2011 Introduction to Metabolism

2011 Introduction to Metabolism - Dr. Kennon M. Garrett...

Info iconThis preview shows pages 1–4. Sign up to view the full content.

View Full Document Right Arrow Icon
E-24 Dr. Kennon M. Garrett INTRODUCTION TO METABOLISM Reading: Vander et al., Human Physiology, 12 th ed. pp. 555-560. Behavioral Objectives 1. Define absorptive and postabsorptive states 2. Indentify metabolic pathways of glucose, triglyceride and amino acids in liver, muscle and adipose tissue during absorptive state. 3. Identify metabolic pathways of glucose, triglyceride and amino acids in liver, muscle and adipose tissue during postabsorptive state. I. Introduction to Cellular Metabolism A. Review of Macromolecules 1. Carbohydrates 2. Lipids 3. Protein 4. Nucleic Acids B. Carbohydrates 1. Monosaccharides - glucose, galactose, fructose (Fig. 2-9) primary energy source of body Synthesis - gluconeogenesis Catabolism - glycolysis , Krebs cycle (TCA cycle) 2. Polysaccharides - glycogen (Fig. 2-11) storage form of carbohydrates, found in liver (25%) and skeletal muscle (75%) synthesis - formed from monosaccharides catabolism - glycogenolysis , releases monosaccharides
Background image of page 1

Info iconThis preview has intentionally blurred sections. Sign up to view the full version.

View Full DocumentRight Arrow Icon
E-25 C. Lipids 1. Triglycerides (triacylglycerols) (Fig. 2-12) synthesized from glycerol and fatty acids, storage form of lipids 2. Lipolysis - oxidation of triglycerides to produce glycerol and fatty acids D. Proteins - polymers of amino acids In addition to the roles of proteins in cell structure and function, proteins can also be used as a source of fuel. Proteins are metabolized to free amino acids which are then further metabolized to keto acids (Fig. 3-50)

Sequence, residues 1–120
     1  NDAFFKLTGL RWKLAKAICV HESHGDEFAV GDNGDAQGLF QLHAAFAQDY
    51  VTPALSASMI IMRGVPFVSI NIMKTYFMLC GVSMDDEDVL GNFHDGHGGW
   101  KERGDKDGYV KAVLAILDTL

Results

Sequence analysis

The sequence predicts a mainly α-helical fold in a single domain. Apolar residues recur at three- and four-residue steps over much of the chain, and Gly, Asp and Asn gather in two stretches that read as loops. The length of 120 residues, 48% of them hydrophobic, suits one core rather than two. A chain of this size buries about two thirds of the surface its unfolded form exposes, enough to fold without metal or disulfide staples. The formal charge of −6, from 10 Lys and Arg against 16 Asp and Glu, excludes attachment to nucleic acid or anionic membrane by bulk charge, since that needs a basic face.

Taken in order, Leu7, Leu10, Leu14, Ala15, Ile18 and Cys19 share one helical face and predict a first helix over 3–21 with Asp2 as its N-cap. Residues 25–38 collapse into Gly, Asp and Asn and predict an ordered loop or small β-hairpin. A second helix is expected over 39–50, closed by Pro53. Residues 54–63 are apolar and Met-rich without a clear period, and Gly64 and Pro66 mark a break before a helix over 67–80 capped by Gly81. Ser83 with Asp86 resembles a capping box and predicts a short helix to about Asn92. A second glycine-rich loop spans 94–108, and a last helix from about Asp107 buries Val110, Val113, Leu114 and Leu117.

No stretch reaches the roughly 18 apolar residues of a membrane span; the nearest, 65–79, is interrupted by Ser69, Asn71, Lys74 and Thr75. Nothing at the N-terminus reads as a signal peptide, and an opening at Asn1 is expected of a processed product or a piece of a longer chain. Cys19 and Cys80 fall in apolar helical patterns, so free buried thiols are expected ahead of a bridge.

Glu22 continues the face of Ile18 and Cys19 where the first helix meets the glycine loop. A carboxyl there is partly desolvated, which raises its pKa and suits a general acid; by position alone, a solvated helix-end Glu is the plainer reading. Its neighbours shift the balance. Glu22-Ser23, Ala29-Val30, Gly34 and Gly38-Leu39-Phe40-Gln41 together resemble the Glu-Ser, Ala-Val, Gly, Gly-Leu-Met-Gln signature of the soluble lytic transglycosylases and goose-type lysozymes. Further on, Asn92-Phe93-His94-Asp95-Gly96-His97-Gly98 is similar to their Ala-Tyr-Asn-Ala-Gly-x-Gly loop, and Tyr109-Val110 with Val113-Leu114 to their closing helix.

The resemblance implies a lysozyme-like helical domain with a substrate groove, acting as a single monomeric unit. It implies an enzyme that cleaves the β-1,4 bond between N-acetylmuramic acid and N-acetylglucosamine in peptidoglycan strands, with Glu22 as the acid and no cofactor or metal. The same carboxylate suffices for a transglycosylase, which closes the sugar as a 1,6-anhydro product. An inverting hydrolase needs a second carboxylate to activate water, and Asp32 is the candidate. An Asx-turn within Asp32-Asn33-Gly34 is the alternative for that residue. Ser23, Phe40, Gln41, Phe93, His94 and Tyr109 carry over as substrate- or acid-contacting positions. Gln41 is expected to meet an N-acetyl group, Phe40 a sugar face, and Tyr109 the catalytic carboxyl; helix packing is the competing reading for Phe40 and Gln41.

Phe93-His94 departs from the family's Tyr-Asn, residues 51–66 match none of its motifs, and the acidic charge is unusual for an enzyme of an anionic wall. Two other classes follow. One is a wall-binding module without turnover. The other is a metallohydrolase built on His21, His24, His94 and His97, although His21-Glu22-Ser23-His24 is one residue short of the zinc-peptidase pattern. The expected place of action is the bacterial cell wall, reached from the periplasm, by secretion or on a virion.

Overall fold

Background image of page 2
E-26 E. Overview of metabolic pathways (a physiologist’s view, Fig. 3-40) II. Introduction to metabolism A. Absorptive state - ingested nutrients are entering the blood from the GI tract (approx. 4 hr after a meal) B. Postabsorptive state - GI tract is empty and energy is supplied by body stores. late morning and late afternoon and entire night C. Fasting - more than 24 hours without eating III. Absorptive state (Fig. 16-1) Some nutrients are utilized for immediate energy requirements. The remainder are added to the body energy stores. The body’s energy stores are able to withstand a fast of many weeks providing adequate supply of water.
Background image of page 3

Info iconThis preview has intentionally blurred sections. Sign up to view the full version.

View Full DocumentRight Arrow Icon
Image of page 4
This is the end of the preview. Sign up to access the rest of the document.

This note was uploaded on 10/01/2011 for the course PSYO 5016 taught by Professor Staff during the Fall '11 term at The University of Oklahoma.

Page1 / 12

2011 Introduction to Metabolism - Dr. Kennon M. Garrett...

This preview shows document pages 1 - 4. Sign up to view the full document.

View Full Document Right Arrow Icon
Ask a homework question - tutors are online